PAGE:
I've avoided discussing my theological struggle on this blog until recently, for various reasons. At this point, I think it would be best to articulate one of those reasons, even though it's kind of silly. You see, for whatever reason, most of my readers are to the right of me on the religious spectrum. As a result, I often find myself defending liberal Judaism. (This is somewhat ironic, given that my religious practice is to the "right" of the vast majority of American Jewry, but never mind.) I've often thought: what would it say about liberal Judaism, if its defender turned out not to be a believer at all?
The truth, I've come to realize, is that it doesn't say anything about liberal Judaism. All it says anything about is me. I've met Orthodox Jews who seriously doubt God's existence, and I've met Reform Jews with deep, unquestioning faith. And, while it's true that my doubts were partly responsible for my shift toward a more liberal interpretation of halakhah, I know others who have moved in a similar direction for entirely different reasons. Movements are made up of many individuals, each with his or her own distinct spiritual history, convictions, and doubts.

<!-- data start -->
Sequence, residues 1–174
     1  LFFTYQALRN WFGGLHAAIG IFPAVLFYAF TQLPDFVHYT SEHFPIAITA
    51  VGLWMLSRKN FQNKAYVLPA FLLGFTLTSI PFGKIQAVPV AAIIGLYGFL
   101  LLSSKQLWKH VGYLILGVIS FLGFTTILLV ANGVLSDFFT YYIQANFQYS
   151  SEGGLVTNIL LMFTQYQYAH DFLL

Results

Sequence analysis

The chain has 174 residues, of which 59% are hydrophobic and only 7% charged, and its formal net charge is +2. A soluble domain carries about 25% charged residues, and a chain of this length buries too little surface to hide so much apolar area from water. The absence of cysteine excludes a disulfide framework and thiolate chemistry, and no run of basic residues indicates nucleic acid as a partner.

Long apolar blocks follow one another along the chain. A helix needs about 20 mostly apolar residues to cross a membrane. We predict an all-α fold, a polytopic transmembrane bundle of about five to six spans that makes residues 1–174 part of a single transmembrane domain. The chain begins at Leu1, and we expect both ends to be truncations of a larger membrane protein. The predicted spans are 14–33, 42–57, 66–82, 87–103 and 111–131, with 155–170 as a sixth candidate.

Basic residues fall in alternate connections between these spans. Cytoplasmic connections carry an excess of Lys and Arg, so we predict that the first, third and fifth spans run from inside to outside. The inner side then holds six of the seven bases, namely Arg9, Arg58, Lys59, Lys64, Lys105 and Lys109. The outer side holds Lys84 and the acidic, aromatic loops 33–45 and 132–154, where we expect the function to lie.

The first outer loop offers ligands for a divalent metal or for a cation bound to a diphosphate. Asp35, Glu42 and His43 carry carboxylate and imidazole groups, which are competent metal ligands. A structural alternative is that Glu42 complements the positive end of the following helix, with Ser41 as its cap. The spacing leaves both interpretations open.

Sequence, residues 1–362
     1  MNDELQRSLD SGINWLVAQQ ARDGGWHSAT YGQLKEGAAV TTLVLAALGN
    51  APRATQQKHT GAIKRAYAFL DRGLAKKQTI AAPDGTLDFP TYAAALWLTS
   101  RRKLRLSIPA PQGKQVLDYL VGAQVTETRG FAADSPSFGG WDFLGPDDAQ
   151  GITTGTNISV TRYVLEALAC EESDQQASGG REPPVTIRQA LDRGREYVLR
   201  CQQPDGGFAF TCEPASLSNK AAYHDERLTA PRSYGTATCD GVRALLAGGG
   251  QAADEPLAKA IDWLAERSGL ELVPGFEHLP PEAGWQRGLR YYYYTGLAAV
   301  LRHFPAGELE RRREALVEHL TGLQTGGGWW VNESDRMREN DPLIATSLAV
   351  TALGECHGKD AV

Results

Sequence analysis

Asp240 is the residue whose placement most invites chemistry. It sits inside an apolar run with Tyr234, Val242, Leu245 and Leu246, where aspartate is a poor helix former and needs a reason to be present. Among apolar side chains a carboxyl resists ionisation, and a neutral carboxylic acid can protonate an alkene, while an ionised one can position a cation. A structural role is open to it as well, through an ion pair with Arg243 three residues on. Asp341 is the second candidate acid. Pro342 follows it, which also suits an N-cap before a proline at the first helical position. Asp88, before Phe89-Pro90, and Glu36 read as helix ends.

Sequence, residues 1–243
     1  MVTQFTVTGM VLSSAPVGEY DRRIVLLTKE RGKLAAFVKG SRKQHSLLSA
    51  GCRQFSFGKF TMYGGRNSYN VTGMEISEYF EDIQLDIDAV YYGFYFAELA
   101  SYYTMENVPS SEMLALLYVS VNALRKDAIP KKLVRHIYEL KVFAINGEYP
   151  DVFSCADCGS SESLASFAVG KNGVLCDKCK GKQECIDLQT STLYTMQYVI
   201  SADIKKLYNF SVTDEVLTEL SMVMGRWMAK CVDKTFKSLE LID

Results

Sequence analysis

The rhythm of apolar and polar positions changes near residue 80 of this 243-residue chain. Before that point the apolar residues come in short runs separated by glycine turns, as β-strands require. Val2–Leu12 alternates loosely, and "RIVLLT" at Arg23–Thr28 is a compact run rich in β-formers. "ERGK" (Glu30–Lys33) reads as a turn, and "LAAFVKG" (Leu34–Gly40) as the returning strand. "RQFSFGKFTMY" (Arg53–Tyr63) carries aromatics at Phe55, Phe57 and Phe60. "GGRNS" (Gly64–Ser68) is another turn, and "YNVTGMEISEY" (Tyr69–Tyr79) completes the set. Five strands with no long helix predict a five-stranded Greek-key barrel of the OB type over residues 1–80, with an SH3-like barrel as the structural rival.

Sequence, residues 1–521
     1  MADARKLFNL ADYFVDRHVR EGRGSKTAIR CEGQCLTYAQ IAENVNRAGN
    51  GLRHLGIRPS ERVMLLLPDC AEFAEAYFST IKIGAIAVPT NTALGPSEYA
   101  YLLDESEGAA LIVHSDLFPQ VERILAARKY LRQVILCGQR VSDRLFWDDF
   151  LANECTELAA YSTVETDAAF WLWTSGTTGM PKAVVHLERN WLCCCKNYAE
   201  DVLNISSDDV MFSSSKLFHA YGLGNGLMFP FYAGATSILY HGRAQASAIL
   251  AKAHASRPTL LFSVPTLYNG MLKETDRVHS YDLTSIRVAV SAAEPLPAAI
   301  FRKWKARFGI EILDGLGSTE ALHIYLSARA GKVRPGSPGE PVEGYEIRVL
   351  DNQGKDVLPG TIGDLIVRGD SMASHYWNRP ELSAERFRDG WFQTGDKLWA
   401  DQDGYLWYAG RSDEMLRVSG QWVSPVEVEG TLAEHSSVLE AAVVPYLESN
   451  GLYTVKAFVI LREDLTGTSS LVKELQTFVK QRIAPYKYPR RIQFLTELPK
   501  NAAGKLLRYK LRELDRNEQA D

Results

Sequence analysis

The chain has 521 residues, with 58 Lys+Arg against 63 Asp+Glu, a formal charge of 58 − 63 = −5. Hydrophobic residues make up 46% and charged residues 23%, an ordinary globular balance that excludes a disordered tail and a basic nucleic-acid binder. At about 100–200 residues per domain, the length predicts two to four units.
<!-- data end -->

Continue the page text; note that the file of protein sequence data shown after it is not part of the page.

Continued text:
It should be clear by now that, notwithstanding my doubts about God, I am, in my own way, still deeply committed to Judaism. I've never questioned that fundamental commitment, any more than I'd question my love for and commitment to my husband and family.
So, about that dragon: It may be invisible. It may not even exist. That won't stop me from putting out milk and cookies, and otherwise making sure that my garage remains a comfortable place for an invisible, heatless fire-breathing dragon to live.
(Please, spare me the observation that I don't have a garage.)